This series is quite obviously no longer daily, since I’ve not updated my blog since the start of September. However, now that I actually have free time (Metal Gear Solid V came out, then I moved into my new flat ready for the second year of uni, hence the lack of blog time), I’ll try my best to continue the series. That is, until term starts and assignments start hitting me at Mach 3 speed.
2D Physics Effectors are pretty new in Unity. You could be forgiven for not really knowing much about them, since they came out with little fanfare back when Unity 5 launched and got largely drowned out by all the hype about physically-based rendering, global illumination and whatnot. For you guys still using Unity for your 2D games, these effectors will probably be a godsend to you. I’ll be covering all four of them, and to accompany this post, I’ve made a neat little demo scene just below for you to visually see what each effector does. Oh how I spoil you lot! I’ll also include the entire source project in case you want to tinker around with it.
I tried using Unity’s WebGL export option to make it easier for people to view the demo scene, but it’s slow as hell to compile and only really works if you just happen to have a server ready to host it on. Instead, I’ll have to put up a series of download links, but hopefully I can manifest an easier way to do it next time. All the images below are from the demo, because there’s no real way to show the effectors in action unless they’re animated.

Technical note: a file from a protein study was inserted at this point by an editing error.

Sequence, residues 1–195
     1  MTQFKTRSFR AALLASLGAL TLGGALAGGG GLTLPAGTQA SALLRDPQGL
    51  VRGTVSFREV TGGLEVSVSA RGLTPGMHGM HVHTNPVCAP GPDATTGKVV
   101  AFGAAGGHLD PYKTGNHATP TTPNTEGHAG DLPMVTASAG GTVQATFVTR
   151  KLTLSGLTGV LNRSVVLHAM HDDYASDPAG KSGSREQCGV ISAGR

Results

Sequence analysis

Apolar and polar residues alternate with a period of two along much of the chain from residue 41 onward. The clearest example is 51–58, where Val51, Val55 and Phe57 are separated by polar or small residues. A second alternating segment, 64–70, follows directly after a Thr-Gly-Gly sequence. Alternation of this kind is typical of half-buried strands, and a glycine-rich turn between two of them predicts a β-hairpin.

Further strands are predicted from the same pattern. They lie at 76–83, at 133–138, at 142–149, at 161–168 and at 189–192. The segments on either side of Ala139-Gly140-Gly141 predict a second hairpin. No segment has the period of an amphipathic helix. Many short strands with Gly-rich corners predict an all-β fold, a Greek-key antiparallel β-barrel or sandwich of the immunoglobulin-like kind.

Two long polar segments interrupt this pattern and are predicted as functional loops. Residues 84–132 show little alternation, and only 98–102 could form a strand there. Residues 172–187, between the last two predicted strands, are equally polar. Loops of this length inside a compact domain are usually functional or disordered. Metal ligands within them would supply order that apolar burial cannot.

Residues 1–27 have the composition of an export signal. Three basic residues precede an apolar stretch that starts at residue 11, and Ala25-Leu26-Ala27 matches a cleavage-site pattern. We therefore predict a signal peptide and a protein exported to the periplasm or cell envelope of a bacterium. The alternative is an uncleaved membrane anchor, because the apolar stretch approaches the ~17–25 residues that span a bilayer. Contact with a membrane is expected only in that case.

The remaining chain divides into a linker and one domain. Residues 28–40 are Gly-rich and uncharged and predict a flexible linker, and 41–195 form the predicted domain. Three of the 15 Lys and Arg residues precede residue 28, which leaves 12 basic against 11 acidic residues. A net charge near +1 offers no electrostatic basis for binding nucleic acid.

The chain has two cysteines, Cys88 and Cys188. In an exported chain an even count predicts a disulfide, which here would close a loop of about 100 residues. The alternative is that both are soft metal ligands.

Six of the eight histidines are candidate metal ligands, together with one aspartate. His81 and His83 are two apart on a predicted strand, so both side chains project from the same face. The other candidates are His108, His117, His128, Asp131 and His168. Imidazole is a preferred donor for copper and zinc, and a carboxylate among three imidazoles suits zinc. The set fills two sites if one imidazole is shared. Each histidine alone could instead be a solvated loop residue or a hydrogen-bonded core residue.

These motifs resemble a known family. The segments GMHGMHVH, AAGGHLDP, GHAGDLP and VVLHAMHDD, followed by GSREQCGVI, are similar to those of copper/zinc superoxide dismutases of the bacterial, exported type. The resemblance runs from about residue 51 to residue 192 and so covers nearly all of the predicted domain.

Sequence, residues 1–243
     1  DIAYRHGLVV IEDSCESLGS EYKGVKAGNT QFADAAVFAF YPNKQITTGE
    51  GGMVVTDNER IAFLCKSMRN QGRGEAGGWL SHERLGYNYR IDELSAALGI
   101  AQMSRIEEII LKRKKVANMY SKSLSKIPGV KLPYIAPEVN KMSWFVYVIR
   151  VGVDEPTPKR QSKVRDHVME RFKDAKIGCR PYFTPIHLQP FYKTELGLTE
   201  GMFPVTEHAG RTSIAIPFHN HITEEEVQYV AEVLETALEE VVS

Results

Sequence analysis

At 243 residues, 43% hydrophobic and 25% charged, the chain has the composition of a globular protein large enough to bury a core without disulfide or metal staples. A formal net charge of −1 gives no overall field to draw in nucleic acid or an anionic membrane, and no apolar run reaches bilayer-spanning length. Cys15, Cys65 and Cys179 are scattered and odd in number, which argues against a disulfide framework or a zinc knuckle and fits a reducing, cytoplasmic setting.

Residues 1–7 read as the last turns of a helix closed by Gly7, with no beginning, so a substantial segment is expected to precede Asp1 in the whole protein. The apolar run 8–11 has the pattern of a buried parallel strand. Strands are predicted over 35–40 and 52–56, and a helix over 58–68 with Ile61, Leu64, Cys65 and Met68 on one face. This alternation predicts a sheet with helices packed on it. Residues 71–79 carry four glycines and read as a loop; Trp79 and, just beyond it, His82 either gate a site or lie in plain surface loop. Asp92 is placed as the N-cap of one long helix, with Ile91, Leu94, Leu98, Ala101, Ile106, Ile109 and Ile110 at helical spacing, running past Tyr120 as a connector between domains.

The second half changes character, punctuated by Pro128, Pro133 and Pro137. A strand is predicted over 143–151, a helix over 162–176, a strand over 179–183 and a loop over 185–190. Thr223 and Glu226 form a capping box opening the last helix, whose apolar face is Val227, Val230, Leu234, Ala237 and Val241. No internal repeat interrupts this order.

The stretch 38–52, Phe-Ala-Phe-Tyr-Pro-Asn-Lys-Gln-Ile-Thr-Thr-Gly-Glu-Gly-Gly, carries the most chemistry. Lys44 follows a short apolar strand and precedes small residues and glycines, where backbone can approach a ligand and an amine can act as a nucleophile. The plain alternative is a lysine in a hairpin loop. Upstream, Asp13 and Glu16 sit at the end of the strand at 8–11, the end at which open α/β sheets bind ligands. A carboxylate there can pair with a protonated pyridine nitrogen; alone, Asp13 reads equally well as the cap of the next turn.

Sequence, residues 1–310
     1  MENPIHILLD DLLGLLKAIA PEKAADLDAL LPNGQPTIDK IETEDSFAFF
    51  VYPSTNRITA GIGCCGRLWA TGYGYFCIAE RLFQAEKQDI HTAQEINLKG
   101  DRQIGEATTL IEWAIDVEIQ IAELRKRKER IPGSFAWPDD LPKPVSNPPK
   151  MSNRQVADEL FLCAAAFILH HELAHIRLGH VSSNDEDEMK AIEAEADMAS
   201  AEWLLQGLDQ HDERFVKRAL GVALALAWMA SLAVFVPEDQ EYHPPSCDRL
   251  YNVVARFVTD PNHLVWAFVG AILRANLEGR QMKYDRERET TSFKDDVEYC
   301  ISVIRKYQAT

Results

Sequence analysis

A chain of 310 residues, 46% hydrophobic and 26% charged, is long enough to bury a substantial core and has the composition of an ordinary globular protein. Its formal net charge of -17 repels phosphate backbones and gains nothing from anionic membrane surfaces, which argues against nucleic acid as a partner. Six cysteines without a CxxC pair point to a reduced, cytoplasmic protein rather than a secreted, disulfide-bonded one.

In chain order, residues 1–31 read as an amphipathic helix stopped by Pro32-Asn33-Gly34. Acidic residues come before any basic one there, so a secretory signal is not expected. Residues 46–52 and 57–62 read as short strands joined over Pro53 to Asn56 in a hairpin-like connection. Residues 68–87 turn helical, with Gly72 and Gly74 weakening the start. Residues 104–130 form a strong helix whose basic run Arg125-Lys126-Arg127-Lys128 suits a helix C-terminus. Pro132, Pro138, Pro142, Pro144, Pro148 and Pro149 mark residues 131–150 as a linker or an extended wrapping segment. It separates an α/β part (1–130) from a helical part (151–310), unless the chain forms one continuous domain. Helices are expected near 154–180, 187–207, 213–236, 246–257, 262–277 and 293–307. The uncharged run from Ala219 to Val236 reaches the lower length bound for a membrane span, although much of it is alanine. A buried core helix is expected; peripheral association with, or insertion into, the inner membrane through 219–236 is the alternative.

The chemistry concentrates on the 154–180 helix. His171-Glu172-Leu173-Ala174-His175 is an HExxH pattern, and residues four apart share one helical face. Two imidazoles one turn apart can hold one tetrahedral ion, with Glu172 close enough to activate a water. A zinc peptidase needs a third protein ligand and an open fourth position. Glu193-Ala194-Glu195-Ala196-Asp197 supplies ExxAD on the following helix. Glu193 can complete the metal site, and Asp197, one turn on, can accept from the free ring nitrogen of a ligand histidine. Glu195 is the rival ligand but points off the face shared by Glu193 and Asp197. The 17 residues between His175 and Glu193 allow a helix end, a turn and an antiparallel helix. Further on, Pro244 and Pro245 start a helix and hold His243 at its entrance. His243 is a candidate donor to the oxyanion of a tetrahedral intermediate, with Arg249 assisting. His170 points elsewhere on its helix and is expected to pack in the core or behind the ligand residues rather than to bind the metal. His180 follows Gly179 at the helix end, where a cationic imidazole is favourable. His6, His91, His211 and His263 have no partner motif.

This type of effector is handy if you have something like wind in your game and you want objects to be forced in some direction while they’re inside an area. It uses a trigger collider to detect Rigidbody2D objects and then adds whatever force you’ve specified (you provide a magnitude and an angle, since this is in 2D). You can also supply both regular and angular drag to objects in the area effector, and you can specify where the force is applied with the ‘Force Target’ option; choose the rigidbody and the force is applied to the centre of mass and no torque (turning effect) will result, or choose the collider and it’ll be applied to the collider’s centre point, which results in a torque if the collider centre happens to be different to the centre of mass’ position.
Even wanted a magnet in your game? Then this is the effector for you. This one works by defining a point in 2D space (either the rigidbody position or collider position) and providing an outward force from that point to whatever objects are inside the trigger. You can even provide a negative magnitude and your Point Effector will act like a tiny planet. Most of the other options are straightforward, but ‘Force Mode’ is pretty important – set it to ‘Constant’ and the same force is applied to objects, no matter how far away they are from the effector. Set it to ‘Inverse Linear’ or ‘Inverse Squared’, and the attraction/repulsion will get weaker the further an object is from the Point Effector. ‘Inverse Squared’ will most accurately represent real-life gravity.
These ones may as well be called Conveyor Belt Effectors. Plonk one of these on a surface and change the ‘Speed’ parameter to change how fast these things move, with negative speeds causing a change in direction. You can add a bit of variation to the speed too, in case you want a conveyor belt that jerks when it moves.
Platform Effectors are a simple way of adding one-way collision to platforms, or you can turn off the one-way collision and have it act as a platform without friction or bounce on the sides. You can also set the maximum angle for what is considered a ‘side’ for the friction and bounce properties.